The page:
The Re-Released Tag Heuer Autavia Is Ready for Rough-and-Tumble Adventures

The chronograph offers utility, good looks, and high-precision timekeeping.
IMAGE Tag Heuer

Autavia, which takes its name from the combination of automobile and aviation, was a dashboard instrument used in racing cars and aircraft from 1933 to 1957. When its production stopped, Tag Heuer CEO Jack Heuer took the name for his chronograph watch, which launched in 1962. The timepiece enjoyed popularity among motoring enthusiasts and military men because of its precision and high legibility, but its production also ceased in 1985. 

Today, the Swiss watchmaker revives the Autavia line with seven iterations that recall the original’s boldness. The refresh comes in five stainless steel models and two bronze versions. Notably, the bronze watches will develop a patina over time, depending on your habits. Combined with a range of strap options—leather calfskin, stainless steel, or NATO fabric strap—you get a watch that is truly your own.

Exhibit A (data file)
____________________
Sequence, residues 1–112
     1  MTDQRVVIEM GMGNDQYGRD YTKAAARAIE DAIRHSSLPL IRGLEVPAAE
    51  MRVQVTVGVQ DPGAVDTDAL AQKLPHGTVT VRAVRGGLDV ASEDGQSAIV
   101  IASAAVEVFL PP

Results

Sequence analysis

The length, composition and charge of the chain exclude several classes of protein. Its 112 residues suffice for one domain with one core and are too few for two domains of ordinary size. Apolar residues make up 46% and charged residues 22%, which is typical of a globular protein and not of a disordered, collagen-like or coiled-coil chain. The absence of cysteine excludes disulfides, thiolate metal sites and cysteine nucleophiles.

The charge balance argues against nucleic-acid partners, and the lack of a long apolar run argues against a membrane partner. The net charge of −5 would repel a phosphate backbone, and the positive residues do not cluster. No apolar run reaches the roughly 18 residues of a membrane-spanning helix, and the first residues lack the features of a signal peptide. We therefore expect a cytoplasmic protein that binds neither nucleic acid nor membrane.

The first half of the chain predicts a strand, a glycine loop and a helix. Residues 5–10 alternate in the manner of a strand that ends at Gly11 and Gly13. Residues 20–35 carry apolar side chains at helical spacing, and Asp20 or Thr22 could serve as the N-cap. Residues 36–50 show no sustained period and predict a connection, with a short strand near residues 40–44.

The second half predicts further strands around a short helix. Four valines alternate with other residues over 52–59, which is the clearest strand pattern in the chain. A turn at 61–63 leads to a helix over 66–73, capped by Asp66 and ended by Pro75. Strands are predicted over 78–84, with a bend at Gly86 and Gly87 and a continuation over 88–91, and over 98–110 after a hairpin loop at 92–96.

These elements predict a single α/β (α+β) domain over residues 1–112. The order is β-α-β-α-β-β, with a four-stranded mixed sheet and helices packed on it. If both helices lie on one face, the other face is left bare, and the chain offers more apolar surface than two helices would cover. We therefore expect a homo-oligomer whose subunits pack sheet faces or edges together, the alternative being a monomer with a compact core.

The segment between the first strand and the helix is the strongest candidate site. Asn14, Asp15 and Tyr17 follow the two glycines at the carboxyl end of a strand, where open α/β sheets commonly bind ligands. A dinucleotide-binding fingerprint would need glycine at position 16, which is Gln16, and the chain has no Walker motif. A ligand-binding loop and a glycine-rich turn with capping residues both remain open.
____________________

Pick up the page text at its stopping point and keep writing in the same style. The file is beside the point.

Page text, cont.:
The styling is rooted in Autavia’s history. The cockpit-inspired watches feature the rounded case of the first-generation Autavias and the beveled lugs from the 1960s, while the oversized crown takes inspiration from the large (easy-to-grip) crown of pilot’s watches.


The original Autavia was known for being highly legible in any conditions, and this is also the case with the contemporary versions. The hour markers and hour, minute, and seconds hands are all coated in Super-LumiNova, making it possible to read the time even when adventure leads you into the dark. 

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More important, each Autavia delivers precision and reliability with a COSC-certified Calibre 5 automatic movement under the hood. Emphasizing even more its automotive and aviation roots, a propeller and tire are etched on the caseback that covers the movement.

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